Don’t fret. This is a cognitive bias, but we can take steps to overcome it.

If you have long term goals that you keep procrastinating because impulse gets in your way, I have a few habits that can implement today.

How to Start Valuing the Future

Understanding that our bias may sabotage our goals is the first step. The second step is taking back control. There are a few habits you can use to bulletproof your future (and better) self:

1) Recognize the Impulse. You know the feeling. You want something, and you want it now. As soon as you recognize that you’ve triggered your “want” impulse, imagine the choice was in the hands of an objective friend.  What would he/she advise? Removing yourself from the equation makes the choice more objective, and reduces hyperbolic discounting effects. The more objective you make the decision, the better chance you have to avoid it by separating “you” from the “impulse”. You are not your impulse; you have the ability to decide.

2) Replace the Impulse. Simply fighting off impulse doesn’t always work. Your willpower will be depleted quickly, and you will be more likely to relapse. Instead, fill the gap with something else. If you’re craving junk food, slam down a cup of coffee or an apple. Do a bunch of push-ups. Do anything that you’d like to make a habit, even if your brain “doesn’t feel like it”. Behavior change doesn’t require your thoughts or emotions to match your behavior. Behavior overwrites everything. You’ll find that your cravings are very flexible, and the trigger that found had for junk food can be “shifted” to healthy eating or push-ups. 2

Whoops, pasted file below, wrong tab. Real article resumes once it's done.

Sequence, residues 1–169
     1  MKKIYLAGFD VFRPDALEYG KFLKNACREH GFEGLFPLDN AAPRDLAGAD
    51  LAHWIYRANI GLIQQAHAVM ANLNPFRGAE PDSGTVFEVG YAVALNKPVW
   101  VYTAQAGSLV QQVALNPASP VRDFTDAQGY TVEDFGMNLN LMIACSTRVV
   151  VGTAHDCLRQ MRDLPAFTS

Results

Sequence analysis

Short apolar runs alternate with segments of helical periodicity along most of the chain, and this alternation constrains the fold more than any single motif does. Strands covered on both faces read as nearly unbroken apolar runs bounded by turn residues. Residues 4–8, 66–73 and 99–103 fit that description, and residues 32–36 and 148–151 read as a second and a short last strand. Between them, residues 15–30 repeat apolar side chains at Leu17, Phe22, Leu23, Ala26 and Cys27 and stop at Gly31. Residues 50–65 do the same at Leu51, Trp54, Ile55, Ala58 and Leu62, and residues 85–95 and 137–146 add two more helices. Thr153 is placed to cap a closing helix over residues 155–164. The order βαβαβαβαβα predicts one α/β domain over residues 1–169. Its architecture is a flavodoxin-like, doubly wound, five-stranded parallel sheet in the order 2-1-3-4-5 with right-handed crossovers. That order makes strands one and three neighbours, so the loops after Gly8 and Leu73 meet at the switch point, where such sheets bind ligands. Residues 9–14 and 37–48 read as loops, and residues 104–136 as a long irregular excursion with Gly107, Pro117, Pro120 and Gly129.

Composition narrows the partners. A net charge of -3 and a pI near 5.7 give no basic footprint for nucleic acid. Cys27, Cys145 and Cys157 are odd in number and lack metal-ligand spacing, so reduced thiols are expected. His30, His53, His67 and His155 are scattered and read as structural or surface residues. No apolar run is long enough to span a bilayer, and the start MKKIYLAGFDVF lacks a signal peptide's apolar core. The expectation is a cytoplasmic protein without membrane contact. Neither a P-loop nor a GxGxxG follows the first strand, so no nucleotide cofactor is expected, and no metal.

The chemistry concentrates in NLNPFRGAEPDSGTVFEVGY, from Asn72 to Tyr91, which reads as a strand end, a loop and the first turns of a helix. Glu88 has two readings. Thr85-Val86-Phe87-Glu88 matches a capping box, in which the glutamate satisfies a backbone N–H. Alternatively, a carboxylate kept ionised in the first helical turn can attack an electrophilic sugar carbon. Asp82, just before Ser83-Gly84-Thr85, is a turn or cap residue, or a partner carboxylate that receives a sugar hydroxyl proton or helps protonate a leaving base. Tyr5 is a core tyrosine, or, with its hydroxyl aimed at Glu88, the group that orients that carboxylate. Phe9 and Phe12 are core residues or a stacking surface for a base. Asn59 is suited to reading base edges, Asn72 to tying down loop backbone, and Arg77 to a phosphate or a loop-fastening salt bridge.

3) Force Commitment. “Just once” is a lie. For any behavior you want to change, tell yourself that if you do it today, you have to do it tomorrow.

Feeling the itch to watch 2 hours of Netflix? Make an obligation to watch 2 hours of Netflix every day for the next week. Your entire week, you’ll have to watch Netflix at that time.

Want to eat that box of doughnuts? Sure. You’ll have to eat those doughnuts every day for the next week.

This puts your mind into a long-term perspective, and forces you to make a decision. Is the long-term goal worth less than the impulse?

By thinking about our “one time” actions as recurring behaviors, we can better identify if it’s something we need, and put our future selves into perspective. If your future self would hate you for this, don’t do it.

It is imperative that you see your present self as the catalyst for your future self. There isn’t some magic that happens when you’re a week older that makes you want to change.

Don’t procrastinate good habits. Change happens incrementally, and it’s the small changes that exponentially create the biggest results. Start today.

Footnotes

  1. Predicting Hunger: The Effects of Appetite and Delay on Choice. Read and van Leeuwen. 1998.
  2. Replacing an impulse is a tactic found in The Power of Habit by Charles Duhigg. An excellent read on how to change habits, and how they are important